June 13, 2015; Newsweek
NPQ has been covering the uprising of the volunteer moderators at Reddit, and since our last newswire on the topic, the site’s CEO, Ellen Pao, has resigned under fire. It is, of course, still unusual for a for-profit organization to make use of volunteers to do its core work, but gets less unusual all the time as the contractual bases of work changes.
In the wake of the Reddit rebellion, Rebecca Taylor and Jane Parry, writing for Newsweek, have some points to make about the implied contract between organizations and unpaid volunteers. Even though the issues may be intensified in a for-profit corporation, the points are worth considering even in your nonprofit. Taylor writes that it is a mistake not to recognize the exchange inherent in the relationship.
Taking about Reddit’s moderators, the authors observe:
“Many of them will be working from home or the local coffee shop, choosing the hours they dedicate to ‘mod’ work, perhaps juggling it with online gaming, freelance software development, or maybe a Ph.D. in bioethics. Nevertheless, the important point is that they are workers even if they are unpaid, and as such organizational structures and relationships are important to their experiences of work.
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“Reddit’s reliance on the work of unpaid mods became all too apparent once they had withdrawn their labor, forcing the site to offer a restricted service. For Reddit’s senior staff, this isn’t just an unfortunate moment in the company’s labor relations history. It has an impact on their bottom line, reducing the all-important advertising income that comes from page views.
“It might also lead to the loss of members to competitors such as Voat. This financial leverage gives the Reddit volunteers power over their ‘employer,’ while the lack of contractual relationship reduces management’s control over them.”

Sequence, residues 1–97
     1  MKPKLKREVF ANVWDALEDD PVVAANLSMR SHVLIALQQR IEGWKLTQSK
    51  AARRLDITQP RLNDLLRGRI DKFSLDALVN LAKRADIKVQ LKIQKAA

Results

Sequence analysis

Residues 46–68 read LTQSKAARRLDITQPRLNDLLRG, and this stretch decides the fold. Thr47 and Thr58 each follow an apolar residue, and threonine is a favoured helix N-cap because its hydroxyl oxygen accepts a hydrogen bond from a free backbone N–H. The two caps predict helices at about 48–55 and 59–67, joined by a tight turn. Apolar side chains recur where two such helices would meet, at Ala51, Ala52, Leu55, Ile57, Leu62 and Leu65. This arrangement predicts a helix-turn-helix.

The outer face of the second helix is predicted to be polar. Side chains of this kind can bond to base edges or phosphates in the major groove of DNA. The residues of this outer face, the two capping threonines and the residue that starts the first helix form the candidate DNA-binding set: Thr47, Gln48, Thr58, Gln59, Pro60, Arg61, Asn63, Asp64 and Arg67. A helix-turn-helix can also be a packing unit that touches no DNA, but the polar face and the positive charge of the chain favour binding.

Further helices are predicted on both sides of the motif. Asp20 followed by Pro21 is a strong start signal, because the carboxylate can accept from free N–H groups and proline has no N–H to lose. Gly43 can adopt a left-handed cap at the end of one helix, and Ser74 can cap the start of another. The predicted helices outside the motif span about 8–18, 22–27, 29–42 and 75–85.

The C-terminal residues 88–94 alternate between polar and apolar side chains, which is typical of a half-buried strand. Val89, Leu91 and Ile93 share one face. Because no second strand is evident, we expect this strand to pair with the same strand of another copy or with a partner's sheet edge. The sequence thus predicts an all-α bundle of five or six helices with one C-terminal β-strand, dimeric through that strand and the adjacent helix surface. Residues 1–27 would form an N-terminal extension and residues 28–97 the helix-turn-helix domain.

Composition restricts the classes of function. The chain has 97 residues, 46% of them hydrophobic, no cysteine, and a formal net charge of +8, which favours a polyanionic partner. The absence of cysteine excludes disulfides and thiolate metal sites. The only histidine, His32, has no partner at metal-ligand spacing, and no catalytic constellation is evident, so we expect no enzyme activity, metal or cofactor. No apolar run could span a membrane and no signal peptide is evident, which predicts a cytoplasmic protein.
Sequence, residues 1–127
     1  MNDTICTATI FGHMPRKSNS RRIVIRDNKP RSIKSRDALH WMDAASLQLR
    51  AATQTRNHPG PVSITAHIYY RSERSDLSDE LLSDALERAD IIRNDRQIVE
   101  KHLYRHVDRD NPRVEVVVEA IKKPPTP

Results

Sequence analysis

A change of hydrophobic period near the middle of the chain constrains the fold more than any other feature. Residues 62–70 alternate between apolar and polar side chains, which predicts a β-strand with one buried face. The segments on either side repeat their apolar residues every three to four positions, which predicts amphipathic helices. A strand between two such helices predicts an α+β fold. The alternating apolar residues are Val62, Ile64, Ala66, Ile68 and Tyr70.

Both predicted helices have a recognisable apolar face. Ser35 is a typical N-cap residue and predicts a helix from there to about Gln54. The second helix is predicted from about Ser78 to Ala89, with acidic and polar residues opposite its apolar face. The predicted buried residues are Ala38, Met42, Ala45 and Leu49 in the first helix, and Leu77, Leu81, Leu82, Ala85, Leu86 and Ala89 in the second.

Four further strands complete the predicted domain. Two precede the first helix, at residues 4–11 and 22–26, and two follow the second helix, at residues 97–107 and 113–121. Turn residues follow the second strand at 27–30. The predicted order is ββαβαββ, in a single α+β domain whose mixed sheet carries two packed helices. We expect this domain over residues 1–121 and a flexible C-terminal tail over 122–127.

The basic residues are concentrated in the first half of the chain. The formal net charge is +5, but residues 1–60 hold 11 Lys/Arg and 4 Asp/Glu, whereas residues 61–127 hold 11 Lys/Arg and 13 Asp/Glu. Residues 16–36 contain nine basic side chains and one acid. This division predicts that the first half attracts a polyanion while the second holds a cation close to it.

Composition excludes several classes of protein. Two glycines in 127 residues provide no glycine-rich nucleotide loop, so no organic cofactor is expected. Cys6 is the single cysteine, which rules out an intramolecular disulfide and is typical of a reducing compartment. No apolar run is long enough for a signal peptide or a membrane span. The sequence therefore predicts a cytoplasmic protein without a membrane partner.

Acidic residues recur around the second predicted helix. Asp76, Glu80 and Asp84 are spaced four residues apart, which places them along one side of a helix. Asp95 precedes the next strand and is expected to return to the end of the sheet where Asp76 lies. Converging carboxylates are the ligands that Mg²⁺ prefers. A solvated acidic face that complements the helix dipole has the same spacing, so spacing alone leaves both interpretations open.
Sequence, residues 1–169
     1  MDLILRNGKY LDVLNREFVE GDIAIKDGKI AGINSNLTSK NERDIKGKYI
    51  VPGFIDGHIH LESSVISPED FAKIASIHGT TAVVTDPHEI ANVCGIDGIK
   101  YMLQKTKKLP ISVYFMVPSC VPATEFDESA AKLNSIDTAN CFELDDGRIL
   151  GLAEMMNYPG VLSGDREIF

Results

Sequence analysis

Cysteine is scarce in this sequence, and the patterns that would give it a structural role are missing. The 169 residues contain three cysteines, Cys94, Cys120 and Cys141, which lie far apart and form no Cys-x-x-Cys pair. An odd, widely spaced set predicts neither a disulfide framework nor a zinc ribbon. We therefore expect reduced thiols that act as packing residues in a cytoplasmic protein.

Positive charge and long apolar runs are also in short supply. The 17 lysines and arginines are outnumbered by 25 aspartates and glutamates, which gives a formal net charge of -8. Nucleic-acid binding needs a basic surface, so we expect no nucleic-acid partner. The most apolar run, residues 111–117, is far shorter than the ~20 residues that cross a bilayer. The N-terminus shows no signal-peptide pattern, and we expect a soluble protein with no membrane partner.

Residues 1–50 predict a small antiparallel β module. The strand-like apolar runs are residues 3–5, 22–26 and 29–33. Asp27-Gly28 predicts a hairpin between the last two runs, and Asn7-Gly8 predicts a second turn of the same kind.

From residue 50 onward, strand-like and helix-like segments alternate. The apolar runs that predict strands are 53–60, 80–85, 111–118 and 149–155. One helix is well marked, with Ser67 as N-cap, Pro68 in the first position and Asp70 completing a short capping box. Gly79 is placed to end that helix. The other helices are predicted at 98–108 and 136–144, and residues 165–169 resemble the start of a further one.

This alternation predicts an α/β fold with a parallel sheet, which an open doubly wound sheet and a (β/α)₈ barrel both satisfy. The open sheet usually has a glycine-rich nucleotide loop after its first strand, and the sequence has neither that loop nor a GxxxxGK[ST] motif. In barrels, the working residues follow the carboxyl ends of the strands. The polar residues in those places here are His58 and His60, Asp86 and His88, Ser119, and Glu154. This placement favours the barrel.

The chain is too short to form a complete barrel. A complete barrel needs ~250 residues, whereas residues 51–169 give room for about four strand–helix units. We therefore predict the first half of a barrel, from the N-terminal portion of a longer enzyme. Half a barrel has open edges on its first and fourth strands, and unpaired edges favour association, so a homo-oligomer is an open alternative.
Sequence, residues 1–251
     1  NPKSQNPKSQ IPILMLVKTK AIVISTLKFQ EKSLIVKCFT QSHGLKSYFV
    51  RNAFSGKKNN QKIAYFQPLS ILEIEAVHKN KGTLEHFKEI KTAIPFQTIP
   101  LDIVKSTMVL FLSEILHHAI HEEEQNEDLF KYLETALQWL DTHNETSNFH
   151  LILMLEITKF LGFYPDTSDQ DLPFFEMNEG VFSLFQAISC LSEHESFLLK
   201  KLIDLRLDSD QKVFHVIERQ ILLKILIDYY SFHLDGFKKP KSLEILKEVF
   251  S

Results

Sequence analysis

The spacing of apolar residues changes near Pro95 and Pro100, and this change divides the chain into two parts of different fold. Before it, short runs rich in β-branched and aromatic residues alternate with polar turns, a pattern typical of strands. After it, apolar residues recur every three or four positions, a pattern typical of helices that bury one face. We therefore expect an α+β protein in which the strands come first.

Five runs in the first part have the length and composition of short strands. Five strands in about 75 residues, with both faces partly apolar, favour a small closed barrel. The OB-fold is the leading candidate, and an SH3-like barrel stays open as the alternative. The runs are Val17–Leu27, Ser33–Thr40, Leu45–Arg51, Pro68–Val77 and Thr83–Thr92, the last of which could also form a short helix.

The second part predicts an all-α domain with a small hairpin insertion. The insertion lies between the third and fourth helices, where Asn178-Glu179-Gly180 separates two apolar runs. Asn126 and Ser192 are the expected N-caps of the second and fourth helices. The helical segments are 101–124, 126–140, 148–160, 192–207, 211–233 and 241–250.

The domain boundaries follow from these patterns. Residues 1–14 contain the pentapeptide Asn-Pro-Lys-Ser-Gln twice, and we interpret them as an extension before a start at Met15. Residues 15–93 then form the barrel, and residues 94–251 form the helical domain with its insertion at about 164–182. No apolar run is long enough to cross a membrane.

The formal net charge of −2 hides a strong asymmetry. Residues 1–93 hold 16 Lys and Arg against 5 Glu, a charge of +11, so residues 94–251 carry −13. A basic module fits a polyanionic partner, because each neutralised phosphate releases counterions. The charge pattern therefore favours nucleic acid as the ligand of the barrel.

Taylor and Parry suggest that organizations making extensive use of volunteers should clearly understand their motivations and what they do expect to get from the work they do, because their motives and expectations for payoff may be diverse and complex. She speculates that for Reddit moderators, payoff may come in the form of social capital, or they may be attempting to establish themselves on something of a pathway into paid work, or they may see it as a way to express themselves. In any case, when those motivations are frustrated, the wages of managerial passivity can be acutely felt and a sense of mutual betrayal may emerge.
Taylor writes, “The global reach of the marketplace in which Reddit operates makes industrial unrest highly visible and its effects immediate with potentially serious consequences in terms of loss of audience and revenue.” As we have noted with a number of nonprofits, including the recent cases of Sweet Briar and Susan G. Komen, the sense of an implied contract that can be inadvertently misunderstood and betrayed can extend beyond volunteers to donors and other stakeholders—and once trust is broken, it can be hard to right the ship unless someone gets off.—Ruth McCambridge